Re: "real world" uses of topology?
Posted:
Mar 4, 2001 4:15 PM


Yes, Kevin, that's what they did. I couldn't understand how it worked, so I made a meticulous map locating every square. When I was done. I realized it was the map of a torus.
Martin Green http://www.onforeignsoil.com Teach yourself Yiddish while you read the exciting autobiography of Falk Zolf.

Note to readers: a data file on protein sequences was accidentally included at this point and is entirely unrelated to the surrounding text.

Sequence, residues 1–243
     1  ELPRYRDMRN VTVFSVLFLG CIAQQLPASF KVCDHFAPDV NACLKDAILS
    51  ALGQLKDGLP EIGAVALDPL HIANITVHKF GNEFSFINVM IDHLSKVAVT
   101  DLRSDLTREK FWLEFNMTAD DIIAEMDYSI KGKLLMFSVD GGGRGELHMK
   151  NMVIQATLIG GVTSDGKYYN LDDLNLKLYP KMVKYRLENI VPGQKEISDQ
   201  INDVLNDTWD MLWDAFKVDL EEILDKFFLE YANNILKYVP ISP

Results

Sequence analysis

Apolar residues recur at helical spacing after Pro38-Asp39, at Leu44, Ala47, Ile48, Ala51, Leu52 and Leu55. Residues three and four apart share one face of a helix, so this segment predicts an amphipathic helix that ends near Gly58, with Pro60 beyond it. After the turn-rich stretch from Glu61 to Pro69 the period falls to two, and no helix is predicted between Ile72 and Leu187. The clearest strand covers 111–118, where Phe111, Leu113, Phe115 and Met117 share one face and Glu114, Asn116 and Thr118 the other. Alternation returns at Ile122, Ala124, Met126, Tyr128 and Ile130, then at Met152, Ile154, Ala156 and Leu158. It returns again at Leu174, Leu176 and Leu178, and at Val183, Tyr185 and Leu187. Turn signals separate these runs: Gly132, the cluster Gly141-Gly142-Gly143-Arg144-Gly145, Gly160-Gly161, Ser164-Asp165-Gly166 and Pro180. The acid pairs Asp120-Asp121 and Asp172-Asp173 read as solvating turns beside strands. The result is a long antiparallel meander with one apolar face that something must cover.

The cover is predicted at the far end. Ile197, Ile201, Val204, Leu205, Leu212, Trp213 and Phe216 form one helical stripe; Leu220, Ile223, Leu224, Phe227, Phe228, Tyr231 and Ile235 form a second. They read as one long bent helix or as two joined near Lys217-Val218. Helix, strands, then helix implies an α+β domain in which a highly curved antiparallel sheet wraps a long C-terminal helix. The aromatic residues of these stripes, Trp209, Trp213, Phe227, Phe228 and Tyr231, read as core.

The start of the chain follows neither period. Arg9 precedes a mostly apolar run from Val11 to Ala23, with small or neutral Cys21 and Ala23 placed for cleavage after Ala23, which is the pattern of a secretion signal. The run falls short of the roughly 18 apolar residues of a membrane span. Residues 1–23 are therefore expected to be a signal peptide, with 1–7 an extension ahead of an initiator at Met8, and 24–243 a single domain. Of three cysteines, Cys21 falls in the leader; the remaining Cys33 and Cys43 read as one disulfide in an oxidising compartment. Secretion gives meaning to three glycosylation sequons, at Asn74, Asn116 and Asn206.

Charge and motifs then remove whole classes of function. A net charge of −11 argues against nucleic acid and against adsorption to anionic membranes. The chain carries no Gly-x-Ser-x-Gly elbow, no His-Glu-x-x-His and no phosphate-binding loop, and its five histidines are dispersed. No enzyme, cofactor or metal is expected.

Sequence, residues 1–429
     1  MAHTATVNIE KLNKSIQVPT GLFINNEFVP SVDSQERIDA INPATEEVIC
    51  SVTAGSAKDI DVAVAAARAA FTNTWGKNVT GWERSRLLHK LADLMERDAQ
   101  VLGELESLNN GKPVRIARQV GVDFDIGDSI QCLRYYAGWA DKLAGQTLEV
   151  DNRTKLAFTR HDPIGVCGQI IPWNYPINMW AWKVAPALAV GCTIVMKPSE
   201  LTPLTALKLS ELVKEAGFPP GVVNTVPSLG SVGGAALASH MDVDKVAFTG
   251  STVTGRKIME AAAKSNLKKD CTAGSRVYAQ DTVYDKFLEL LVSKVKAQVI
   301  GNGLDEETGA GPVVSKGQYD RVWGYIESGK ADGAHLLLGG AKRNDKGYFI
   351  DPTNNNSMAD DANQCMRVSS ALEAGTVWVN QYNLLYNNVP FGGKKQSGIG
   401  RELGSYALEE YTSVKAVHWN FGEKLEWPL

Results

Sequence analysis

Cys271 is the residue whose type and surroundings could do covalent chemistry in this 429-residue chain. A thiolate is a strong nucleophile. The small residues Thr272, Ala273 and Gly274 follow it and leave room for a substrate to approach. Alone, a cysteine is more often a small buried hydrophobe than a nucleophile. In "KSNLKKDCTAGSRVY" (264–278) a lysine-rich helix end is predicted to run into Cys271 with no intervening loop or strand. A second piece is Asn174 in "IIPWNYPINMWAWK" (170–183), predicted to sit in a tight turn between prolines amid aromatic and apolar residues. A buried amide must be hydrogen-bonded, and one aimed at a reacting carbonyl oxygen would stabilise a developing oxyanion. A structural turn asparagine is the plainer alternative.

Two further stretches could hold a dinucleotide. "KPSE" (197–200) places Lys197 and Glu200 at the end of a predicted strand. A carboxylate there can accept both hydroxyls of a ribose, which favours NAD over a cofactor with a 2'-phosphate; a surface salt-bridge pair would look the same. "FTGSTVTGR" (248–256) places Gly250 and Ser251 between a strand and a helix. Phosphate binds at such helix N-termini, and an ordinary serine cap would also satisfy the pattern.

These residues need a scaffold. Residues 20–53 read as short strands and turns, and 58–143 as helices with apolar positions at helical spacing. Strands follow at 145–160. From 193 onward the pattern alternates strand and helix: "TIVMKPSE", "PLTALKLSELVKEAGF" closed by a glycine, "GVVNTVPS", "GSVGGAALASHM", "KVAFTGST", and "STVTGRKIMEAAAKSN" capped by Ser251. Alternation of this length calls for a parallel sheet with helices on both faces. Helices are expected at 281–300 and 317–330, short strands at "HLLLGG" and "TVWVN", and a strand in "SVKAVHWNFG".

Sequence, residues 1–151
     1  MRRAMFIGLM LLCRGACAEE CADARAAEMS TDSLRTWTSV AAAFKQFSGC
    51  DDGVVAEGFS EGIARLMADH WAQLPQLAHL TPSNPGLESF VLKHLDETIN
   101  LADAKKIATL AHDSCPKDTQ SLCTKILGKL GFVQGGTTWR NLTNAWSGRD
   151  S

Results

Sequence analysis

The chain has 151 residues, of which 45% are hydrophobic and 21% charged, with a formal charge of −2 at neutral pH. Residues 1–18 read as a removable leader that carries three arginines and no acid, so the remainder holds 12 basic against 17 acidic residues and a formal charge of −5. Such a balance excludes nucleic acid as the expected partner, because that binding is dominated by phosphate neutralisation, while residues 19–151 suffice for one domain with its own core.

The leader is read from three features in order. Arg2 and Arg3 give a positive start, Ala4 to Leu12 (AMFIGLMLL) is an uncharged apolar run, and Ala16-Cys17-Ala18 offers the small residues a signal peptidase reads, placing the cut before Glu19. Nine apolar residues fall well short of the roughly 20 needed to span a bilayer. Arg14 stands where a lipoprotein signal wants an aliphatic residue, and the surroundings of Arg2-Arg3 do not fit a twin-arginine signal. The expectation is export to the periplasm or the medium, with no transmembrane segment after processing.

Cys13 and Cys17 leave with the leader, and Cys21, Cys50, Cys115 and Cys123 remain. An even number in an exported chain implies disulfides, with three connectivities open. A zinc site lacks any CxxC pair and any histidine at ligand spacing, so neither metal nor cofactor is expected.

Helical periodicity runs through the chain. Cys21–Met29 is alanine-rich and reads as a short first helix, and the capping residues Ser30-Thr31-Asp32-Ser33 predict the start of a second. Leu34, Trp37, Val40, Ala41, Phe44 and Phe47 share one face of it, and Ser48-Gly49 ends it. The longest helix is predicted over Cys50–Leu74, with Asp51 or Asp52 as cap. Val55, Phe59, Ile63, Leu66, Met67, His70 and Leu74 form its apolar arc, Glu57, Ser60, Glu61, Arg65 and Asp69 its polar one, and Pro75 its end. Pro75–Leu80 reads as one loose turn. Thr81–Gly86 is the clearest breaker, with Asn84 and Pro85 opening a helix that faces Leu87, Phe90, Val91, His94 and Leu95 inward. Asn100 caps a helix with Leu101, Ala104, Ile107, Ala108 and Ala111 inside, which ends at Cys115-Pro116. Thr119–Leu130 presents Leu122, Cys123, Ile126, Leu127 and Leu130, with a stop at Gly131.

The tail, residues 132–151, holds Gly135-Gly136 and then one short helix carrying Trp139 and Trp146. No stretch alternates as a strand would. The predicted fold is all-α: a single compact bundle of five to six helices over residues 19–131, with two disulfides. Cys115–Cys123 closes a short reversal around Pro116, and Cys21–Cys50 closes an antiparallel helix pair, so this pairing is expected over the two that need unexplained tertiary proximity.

"Kevin Foltinek" <foltinek@math.utexas.edu> wrote in message news://wo6lmqlihxb.fsf@linux41.ma.utexas.edu... > "Martin Green" <btestware@home.com> writes: > > > > Someone once developed a video game that was supposed to be > > > like a 3d version of Tetris. It was played on a spherical planet > > > that was laid out in a checkerboard. You could rotate the sphere > > > left, right, up, and down, and you always saw this checkerboard > > > pattern in front of you.Topologically, this is impossible on a shpere! > > > (Lines of longitude have to meet SOMEWHERE.) > > > How did the game developers solve this problem??? > > I haven't seen the game, so I'm merely speculating. > > Perhaps the spherical planet is not spherical, but toroidal. (Rather > like the universe in Asteroids, PacMan, etc., is a torus.) I think > it would be easy to give the illusion of a spherical planet, by > assigning a metric to the torus which has positive Gauss curvature in > the "visible" portion, and isometrically embedding that portion into > Euclidean 3space and performing the obvious projection. (Presumably > there are ways to do this which make the final mapping (x,y)_{torus} > > (x,y)_{display} computationally inexpensive.) > > Kevin.